REVIEW - Secure Coding - Principles and Practices


Secure Coding

Principles and Practices


Mark Graff, Kenneth R. Van Wyk



O'Reilly (2003)




Francis Glassborow


August 2003



Clearly the subject of this book is going to become increasingly important as time goes by. I am sitting here working on one computer with a second one beside me so that I can try things out and a third one hiding under my desk acting as the household's gateway to the Internet. Downstairs my wife is using her machine to look some information up. She does not have to ask me to switch on the Internet gateway; it sits their 24/7 supplying whichever of us wants access. If I want some details about a book I just use my web-browser to go out and find it. But while we are free to go out onto the Internet others have ways of getting in. Of course I have firewalls, intruder detection and virus protection software in place but like the locks on by doors and the burglar alarm that is switched on when we are out all the protection just makes things harder for the miscreant it does not provide 100% protection.

The first line of defence is that the software that runs my machines and lets me do the things I want should not be easily perverted. Ten years ago most of us just had to ensure that the software and data we loaded into our machines was OK. This is no longer the case. Quite apart from the damage that can be done to my own data there is the way that my equipment can be subverted as a tool to do damage elsewhere.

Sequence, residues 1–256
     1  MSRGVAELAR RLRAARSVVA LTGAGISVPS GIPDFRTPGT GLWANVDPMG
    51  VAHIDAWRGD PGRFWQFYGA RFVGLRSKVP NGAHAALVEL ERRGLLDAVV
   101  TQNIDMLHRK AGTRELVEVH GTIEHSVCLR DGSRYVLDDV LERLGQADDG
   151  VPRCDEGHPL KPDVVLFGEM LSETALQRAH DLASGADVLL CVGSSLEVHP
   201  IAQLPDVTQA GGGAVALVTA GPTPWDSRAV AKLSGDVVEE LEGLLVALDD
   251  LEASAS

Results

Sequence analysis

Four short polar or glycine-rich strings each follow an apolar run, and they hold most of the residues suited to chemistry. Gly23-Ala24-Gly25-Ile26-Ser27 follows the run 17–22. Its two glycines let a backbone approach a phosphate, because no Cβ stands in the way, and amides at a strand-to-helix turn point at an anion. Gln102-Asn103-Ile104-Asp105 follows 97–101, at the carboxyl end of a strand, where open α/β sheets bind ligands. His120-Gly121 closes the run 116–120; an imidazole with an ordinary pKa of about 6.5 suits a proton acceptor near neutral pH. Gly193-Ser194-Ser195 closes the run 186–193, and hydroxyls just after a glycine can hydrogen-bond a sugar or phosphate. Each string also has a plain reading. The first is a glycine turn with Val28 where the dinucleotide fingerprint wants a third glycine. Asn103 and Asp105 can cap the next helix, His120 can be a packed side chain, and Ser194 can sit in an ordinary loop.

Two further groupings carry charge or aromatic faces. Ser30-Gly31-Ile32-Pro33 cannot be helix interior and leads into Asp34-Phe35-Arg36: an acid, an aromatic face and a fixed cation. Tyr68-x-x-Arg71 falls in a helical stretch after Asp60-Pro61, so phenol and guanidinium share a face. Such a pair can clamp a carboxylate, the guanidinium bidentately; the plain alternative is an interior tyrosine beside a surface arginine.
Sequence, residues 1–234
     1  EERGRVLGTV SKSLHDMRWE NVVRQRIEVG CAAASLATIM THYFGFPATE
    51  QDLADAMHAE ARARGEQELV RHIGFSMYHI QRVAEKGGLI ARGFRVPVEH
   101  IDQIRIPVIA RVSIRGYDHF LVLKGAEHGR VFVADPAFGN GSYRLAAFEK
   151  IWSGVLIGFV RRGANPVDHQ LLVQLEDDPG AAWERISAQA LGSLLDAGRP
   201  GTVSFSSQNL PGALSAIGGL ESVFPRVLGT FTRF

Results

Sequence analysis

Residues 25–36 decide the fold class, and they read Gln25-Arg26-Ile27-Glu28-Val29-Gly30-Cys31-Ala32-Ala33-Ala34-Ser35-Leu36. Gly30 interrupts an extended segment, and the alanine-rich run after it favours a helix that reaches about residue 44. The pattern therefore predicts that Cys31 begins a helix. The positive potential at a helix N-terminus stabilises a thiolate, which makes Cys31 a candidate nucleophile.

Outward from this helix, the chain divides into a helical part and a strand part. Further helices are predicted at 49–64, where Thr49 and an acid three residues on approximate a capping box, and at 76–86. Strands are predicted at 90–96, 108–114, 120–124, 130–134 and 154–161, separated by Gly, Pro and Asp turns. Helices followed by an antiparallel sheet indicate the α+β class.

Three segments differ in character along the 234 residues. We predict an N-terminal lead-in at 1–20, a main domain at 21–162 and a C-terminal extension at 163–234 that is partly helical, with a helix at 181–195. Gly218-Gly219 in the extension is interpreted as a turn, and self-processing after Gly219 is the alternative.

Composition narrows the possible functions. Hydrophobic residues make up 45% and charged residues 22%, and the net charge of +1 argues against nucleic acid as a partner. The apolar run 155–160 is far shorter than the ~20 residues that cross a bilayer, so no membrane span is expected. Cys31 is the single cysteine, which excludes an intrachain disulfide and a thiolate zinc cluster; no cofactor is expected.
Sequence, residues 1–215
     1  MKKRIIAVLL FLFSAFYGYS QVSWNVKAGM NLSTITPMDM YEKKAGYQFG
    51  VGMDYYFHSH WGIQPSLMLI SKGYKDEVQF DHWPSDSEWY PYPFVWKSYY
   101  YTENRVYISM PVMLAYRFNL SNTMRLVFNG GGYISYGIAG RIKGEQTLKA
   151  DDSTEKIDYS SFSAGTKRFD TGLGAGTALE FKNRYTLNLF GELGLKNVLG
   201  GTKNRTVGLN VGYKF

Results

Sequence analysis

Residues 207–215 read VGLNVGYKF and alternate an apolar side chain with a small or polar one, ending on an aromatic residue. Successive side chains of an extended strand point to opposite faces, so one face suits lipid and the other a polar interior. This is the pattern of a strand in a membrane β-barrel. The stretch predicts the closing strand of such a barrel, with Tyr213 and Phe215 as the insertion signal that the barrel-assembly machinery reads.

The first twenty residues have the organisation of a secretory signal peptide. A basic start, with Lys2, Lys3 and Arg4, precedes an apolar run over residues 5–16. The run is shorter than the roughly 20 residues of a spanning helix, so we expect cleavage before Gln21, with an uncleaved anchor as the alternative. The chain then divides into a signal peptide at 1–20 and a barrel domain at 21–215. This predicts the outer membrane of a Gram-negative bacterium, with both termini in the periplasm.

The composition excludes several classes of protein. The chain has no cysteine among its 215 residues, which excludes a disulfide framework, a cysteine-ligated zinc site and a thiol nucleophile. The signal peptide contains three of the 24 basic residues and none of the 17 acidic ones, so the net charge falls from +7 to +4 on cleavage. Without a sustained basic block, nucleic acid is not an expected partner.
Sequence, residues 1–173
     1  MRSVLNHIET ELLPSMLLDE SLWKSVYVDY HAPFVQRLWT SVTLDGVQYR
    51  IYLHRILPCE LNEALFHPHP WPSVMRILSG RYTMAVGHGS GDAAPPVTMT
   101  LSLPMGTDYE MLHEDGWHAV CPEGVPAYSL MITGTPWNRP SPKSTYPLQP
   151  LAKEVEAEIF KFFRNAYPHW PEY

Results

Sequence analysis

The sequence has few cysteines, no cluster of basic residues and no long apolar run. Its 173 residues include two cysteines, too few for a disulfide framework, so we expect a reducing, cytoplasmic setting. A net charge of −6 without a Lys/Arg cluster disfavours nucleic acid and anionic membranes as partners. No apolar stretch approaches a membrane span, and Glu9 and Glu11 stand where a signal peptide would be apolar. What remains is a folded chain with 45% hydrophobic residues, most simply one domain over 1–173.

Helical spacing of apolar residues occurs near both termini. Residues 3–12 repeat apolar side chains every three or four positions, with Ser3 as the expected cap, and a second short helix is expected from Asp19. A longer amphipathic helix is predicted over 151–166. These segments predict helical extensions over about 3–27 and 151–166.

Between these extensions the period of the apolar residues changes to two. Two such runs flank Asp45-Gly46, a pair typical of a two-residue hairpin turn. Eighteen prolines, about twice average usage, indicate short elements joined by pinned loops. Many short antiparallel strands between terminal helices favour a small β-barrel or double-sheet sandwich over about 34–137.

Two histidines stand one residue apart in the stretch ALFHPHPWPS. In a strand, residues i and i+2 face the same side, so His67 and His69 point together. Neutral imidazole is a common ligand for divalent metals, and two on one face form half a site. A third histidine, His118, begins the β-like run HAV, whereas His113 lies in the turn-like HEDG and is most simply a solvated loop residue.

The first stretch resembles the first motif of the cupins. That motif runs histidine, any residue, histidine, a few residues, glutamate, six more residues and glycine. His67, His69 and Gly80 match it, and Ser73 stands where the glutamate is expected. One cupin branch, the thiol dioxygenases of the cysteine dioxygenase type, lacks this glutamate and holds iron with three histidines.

What I am saying is that security has become a major issue for all of us. A programmer who does not take the issues seriously is at best incompetent and at worst criminally stupid. We have to start taking responsibility for our work. It is not enough to try to write bug free software, if we write software that is going to run on a networked machine we have to do so in ways that make it hard to exploit. Just because neither the software nor the hardware will be used as a direct part of a high integrity system is not an excuse.

The very least you can do is to spend some time studying the principles and practices of producing secure code. This book is one of the ways that you can do this. It is not a complete solution but it is a start. The authors are well aware that the problem is far more than just a technical one. Of course companies are reluctant to spend the resources to improve their software security but that is at least in part because they do not understand the issues. Then there is the mindset of programmers who simply do not believe that their work could so easily be subverted or that anyone would be interested in doing so.

While this book is primarily aimed at the software developer, it is short enough that it should also be read by managers and clients. The managers so that they are willing to spend what is necessary to address issues of software security and the clients so that they start including realistic security requirements in their specifications. Can you imagine a builder leaving locks off the doors in a new house? Well why should our machines sit out there to be invaded by anyone with the wish to do so.

If you are involved in software development either as a producer or a consumer you need to take issues of security seriously. If you have a reasonable level of technical knowledge you should read books such as this one.Databases

Book cover image courtesy of Open Library.

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